First the magical coincidence—a coincidence possible only in this millennium of connectivity. A few weeks ago, a young woman named Melissa was preparing for a business trip to São Paulo. Seeking some pointers, she checked out a pile of books from public library; Until Brazil was among them. Reading, she discovered that we had attended the same high school. Well, almost. In my era, Abbot Academy was an all-girls prep school; it has since become an integral part of Phillips Academy, Melissa’s alma mater. She was going to Brazil on a business project on August 24th, the very same date that I had embarked on my journey 29 years before! During our first Skype session, we talked non-stop for two hours, like old friends!
For me, the fascinating fun of meeting Melissa was discovering our professional parallels and emotional equality, despite her being forty years my junior. We started our conversation with some tips about doing business with Brazilians—knowing a few phrases in Portuguese, taking time to drink a cafezinho, being prepared to enjoy the unexpected, and having a little jogo de cintura. (You’ll have to read the book to discover what that means.) Soon, however, we were talking about the emotional roller coaster and unique challenges of being a woman in a world that is still often dominated by male counterparts, especially in a foreign country.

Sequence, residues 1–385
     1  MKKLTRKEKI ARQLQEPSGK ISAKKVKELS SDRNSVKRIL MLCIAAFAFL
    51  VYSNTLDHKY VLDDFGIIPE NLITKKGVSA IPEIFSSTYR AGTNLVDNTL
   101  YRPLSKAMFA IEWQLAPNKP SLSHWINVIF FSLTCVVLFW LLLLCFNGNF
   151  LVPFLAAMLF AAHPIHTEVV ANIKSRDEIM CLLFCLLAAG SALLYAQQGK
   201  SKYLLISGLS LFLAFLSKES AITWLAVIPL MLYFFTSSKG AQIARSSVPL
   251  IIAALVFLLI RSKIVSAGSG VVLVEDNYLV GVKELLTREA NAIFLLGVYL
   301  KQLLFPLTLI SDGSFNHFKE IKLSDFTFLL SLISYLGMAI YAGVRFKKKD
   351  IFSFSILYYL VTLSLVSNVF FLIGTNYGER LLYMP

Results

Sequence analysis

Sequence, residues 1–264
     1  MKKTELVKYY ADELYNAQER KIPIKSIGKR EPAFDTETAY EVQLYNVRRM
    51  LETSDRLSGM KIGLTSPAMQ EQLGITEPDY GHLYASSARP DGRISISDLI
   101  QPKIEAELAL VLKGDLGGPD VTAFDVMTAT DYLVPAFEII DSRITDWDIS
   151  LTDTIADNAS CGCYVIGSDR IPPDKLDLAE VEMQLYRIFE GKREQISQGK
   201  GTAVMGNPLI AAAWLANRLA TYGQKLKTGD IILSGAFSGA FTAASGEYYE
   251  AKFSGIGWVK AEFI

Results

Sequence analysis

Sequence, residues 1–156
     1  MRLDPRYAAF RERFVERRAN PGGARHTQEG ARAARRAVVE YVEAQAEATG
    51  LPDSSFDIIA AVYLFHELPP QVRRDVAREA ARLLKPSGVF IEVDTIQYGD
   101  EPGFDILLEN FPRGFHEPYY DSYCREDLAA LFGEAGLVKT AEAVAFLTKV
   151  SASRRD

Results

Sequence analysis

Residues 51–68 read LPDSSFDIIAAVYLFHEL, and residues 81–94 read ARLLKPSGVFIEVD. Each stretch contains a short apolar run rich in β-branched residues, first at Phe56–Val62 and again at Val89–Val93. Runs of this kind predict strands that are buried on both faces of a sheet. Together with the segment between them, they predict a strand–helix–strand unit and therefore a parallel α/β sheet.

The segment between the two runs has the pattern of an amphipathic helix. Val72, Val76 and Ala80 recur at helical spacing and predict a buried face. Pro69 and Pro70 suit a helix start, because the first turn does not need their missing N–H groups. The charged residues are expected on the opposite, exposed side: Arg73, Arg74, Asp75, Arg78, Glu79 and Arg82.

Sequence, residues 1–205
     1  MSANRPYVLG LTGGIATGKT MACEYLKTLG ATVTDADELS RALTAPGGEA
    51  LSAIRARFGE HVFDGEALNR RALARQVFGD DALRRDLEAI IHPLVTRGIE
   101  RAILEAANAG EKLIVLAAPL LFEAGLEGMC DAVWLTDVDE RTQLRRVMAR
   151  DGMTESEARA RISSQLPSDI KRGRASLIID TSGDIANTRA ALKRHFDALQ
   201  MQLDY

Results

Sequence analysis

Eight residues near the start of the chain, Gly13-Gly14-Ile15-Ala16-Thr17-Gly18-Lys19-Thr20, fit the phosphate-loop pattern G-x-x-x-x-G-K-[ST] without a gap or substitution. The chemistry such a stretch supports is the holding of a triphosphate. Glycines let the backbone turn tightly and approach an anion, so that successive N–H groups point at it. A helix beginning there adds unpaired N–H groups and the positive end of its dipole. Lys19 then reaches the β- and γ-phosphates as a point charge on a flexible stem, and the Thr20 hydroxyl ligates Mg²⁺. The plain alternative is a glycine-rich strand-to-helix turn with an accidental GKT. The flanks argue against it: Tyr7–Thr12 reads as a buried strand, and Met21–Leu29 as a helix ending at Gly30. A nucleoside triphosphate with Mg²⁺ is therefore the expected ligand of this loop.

In many ways, today’s Melissas have a much stronger platform from which to succeed, especially in international careers. Many educational settings now boast cultural and gender diversity, a reality that was far away when I earned my MBA. The Internet, not yet a transformational force when I went to Brazil, now provides information, communication and connections that open the world to those who tap into their powerful potential.
Today’s young professional is likely to be far more worldly and far less naïve than I was at thirty-five. However, taking the plunge into unknown territory, challenging assumptions you barely know you have, and being willing to fly through windows of opportunity still require self-confidence and courage. In writing Until Brazil, I hoped to inspire others to take “journeys afar for discovery within.” Knowing one such voyager brings me great satisfaction. Thank you, Melissa.
But, just like the heroine Bethania, I am greedy and want more!
“As the speck of yellow paper sank from sight, it carried with it the ‘shoulds’ and ‘oughts’ that threatened to entrap me in the good life I had known until Brazil. An exuberant tingling seeped in to replace them. I think it was the same tingling that tells a rosebud that it is time to open its petals.” Excerpt from Until Brazil